Mass eruption in Siberia caused the Great Extinction on Earth is a hypothesis that is gaining a lot of approval from the scientific world.
>>>5 scary Great Extinction in Earth's history
The Great Extinction was an event in the Permian period, 250 million years ago. Scientists believe that this event has claimed the lives of 90% of creatures on Earth.
Evidence from fossil specimens could indicate the species and the time they were extinct, but could not say how the event took place.
Recently, scientists in the United States have made the biggest hypothesis to explain the Great Extinction.It is the mass operation of volcanoes in Siberia.
According to the documentary: 'Mass Extinction: Life at the Brink' by Smithsonian television, the amount of lava generated by these eruptions is enough to cover the entire US area with a thickness of about 305m.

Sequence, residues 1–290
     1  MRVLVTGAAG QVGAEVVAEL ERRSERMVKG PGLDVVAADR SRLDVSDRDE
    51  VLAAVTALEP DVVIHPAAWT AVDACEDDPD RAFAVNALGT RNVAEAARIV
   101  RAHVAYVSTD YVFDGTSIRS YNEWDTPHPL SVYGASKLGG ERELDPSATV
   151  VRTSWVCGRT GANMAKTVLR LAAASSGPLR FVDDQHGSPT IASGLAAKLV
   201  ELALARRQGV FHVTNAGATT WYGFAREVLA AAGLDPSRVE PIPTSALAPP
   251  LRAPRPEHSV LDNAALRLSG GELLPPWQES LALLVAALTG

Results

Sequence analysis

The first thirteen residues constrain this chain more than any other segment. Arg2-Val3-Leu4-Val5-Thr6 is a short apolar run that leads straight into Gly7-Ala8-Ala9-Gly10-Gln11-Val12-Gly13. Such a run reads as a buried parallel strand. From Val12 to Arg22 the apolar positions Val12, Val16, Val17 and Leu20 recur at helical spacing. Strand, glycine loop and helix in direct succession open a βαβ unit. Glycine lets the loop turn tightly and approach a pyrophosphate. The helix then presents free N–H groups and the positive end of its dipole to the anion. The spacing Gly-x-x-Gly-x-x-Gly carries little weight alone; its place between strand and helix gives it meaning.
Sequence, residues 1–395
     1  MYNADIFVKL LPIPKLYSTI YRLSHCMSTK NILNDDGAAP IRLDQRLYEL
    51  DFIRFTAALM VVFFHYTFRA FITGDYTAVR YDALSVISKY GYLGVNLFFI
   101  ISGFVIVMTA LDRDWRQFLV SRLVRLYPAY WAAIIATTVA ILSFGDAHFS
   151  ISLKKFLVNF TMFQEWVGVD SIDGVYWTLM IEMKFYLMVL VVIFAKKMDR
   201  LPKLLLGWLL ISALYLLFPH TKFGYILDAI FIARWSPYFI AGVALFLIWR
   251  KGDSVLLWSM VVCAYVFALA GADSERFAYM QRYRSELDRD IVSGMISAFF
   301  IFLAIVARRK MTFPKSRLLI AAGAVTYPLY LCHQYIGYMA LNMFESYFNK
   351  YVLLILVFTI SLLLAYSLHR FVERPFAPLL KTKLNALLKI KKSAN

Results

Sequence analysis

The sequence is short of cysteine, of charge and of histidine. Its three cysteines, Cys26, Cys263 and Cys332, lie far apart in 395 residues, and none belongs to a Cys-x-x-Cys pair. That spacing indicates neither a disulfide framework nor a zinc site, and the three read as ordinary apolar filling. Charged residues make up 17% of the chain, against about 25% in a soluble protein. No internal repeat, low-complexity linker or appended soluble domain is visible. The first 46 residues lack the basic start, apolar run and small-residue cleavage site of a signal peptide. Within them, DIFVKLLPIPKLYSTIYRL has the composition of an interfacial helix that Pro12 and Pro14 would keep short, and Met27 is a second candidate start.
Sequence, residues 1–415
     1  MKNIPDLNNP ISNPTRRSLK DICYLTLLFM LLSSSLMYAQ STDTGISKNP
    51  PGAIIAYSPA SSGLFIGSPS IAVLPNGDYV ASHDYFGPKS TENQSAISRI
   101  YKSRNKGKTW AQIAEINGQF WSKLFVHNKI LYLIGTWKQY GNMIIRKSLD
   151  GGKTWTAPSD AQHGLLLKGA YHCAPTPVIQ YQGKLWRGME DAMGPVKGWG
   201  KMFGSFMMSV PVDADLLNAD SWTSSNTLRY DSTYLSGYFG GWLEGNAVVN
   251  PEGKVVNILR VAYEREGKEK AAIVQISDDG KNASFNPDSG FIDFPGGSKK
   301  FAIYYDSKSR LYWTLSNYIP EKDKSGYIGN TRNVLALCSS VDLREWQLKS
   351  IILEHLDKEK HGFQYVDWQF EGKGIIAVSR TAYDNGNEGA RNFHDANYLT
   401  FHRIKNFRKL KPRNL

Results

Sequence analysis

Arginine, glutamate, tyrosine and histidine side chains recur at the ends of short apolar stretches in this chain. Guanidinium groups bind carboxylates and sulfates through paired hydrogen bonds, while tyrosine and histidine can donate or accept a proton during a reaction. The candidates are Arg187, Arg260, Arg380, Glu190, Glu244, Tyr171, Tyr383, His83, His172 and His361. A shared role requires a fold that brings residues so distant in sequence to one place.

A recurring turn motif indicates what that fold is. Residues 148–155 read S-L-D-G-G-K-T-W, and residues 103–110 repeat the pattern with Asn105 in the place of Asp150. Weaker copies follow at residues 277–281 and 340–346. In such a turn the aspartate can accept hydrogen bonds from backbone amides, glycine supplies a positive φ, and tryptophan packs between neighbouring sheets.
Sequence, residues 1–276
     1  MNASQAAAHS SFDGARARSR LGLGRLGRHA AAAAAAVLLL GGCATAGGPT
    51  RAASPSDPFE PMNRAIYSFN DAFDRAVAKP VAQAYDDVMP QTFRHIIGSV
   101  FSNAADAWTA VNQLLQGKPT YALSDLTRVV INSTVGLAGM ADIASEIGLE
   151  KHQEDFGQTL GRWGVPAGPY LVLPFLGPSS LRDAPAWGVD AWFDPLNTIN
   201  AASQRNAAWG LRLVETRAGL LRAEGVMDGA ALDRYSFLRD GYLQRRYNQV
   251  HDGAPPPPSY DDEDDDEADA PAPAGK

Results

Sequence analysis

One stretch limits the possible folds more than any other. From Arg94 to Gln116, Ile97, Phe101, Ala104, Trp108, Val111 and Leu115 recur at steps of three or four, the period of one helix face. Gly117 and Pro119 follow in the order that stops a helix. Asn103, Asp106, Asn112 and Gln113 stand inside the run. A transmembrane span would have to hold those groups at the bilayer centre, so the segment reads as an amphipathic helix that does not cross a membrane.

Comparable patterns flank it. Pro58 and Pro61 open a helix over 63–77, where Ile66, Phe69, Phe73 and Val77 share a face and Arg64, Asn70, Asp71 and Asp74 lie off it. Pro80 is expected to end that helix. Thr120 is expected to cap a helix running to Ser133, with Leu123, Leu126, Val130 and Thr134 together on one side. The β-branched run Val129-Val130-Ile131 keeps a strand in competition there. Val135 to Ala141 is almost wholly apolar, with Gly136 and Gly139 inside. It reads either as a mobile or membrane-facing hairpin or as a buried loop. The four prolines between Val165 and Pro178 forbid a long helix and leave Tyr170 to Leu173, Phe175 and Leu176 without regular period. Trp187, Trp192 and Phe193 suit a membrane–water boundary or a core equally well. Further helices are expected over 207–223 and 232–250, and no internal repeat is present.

But volcanic lava is not the main cause of extinction.Volcanic eruptions release large amounts of carbon dioxide, causing climate change and killing nearly every living thing on Earth.
CO2 is a gas that holds heat. With trillions of CO 2 being released into the atmosphere during eruptions, the Earth will heat up over time. Many animals that live on the ground will not be able to adapt to increasing temperatures in such a short time.
In addition, the oceans will absorb more of the excess CO 2 in the air. When CO 2 mixes with water, a chemical reaction occurs that makes the sea move from salt to sour.
This phenomenon is called ocean acidification , which can have serious consequences for some marine animals, such as corals. Acidified water prevents corals from completing chemical processes so that the animal builds a protective shell made of calcium. Today, in Siberia, there is still an area covered by volcanic rocks of up to 2 million square kilometers.
Experts hope that, from this research, they will be able to find more evidence of the evolution of this Great Extinction in the past.